Gov’t Asks Public for Help with Stampede Inquiry

A government committee investigating the cause of a stampede that killed 351 people last week on Phnom Penh’s Diamond Bridge called on the public yesterday to come forward with whatever information it had.

Opposition parties and non-government groups, meanwhile, continued calling for an independent inquiry.

In a statement issued Saturday, committee chairman Prum Sokha urged the public to hand in any photos and video clips taken at the scene before, during or after the Nov 22 stampede, which brought a tragic end to this year’s water festival.

Preliminary results of the investigation released Wednesday said festivalgoers triggering the stampede because they were startled when the packed suspension bridge started swaying.

Judicial Police Director Mok Chito, a committee member of the committee investigating the disaster’s cause, said that all three committees, including two others identifying victims and examining corpses, had met every day since they were formed on Tuesday. He said a larger committee overseeing all three would meet today but declined to elaborate on its work.

Almost as soon as the committees were formed, however, NGOs and opposition lawmakers expressed concerns that they were packed with government and police officials. The only exception is Pung Kheav Se, director-general of the firm that operates the bridge, the Overseas Cambodian Investment Corporation.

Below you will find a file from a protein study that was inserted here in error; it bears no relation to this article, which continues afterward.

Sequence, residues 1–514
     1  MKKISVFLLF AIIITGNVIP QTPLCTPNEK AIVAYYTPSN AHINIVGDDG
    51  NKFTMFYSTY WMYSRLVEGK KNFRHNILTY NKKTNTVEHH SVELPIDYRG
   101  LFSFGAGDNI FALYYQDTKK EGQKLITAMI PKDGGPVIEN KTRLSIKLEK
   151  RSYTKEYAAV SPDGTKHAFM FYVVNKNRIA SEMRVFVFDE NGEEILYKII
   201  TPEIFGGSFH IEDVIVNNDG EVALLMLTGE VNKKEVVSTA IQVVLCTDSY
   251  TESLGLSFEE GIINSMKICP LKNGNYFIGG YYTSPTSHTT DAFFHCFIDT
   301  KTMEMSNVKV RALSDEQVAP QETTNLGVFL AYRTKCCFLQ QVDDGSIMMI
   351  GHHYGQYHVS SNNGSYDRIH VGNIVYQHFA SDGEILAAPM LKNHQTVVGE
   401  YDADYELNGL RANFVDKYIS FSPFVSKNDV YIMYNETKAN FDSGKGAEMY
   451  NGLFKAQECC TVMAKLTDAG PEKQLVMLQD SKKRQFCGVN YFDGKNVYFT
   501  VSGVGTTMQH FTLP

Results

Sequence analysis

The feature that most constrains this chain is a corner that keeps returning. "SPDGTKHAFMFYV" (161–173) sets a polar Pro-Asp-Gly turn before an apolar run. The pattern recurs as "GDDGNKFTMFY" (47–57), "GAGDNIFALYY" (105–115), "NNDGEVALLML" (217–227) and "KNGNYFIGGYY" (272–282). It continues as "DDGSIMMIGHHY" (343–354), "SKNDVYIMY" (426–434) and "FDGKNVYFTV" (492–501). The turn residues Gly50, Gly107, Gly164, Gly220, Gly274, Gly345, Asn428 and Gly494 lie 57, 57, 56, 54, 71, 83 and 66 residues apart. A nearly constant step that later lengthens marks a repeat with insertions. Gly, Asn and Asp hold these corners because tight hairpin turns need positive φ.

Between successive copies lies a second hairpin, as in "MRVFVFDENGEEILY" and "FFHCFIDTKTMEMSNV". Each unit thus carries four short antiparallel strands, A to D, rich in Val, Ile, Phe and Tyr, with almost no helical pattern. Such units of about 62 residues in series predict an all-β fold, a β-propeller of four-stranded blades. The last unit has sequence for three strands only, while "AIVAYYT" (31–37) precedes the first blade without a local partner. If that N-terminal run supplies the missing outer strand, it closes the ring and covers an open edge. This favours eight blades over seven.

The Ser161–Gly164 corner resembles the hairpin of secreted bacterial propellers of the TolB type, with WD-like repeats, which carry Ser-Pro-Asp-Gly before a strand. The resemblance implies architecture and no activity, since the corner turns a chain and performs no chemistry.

In a statement posted on her website Friday, SRP lawmaker Mu Sochua called for a more transparent and bi-partisan investigation including non-government groups, concerned citizens and victims.

“High ranking officials of the Ministry of Interior should not be part of the investigation committee as they were the ones in charge of the Water Festival,” she said.

Like others, she also urged investigators to look beyond what triggered the stampede and ask bigger questions about how prepared the police were to handle the massive crowds that ended up clogging foot traffic on the bridge and what security arrangements the city made with OCIC.

While praising police and civilians alike who responded to the stampede, Ms Sochua said, “there needs to be courage from those in charge to face the responsibility and accountability which come with the position they each hold.”

“Anybody with a sense of responsibility and accountability should probably look at a mirror, look at themselves and question whether they can…still sit in that same position,” said Ou Virak, president of the Cambodian Center for Human Rights.

Council of Ministers spokesman Phay Siphan, however, said the committee was not even looking at responsibility.

“The committee is not to find out who is responsible for the incident,” he said. “The whole responsibility issue is another matter. Our country is a country with the rule of law, so we have to follow it.”

Government spokesman Khieu Kanharith said the committees seated only government officials because they were formed at 1 am on the night of the disaster.

    “We didn’t expect many non-government people working at that hour,” he said.

            (Additional reporting by Simon Marks)

 

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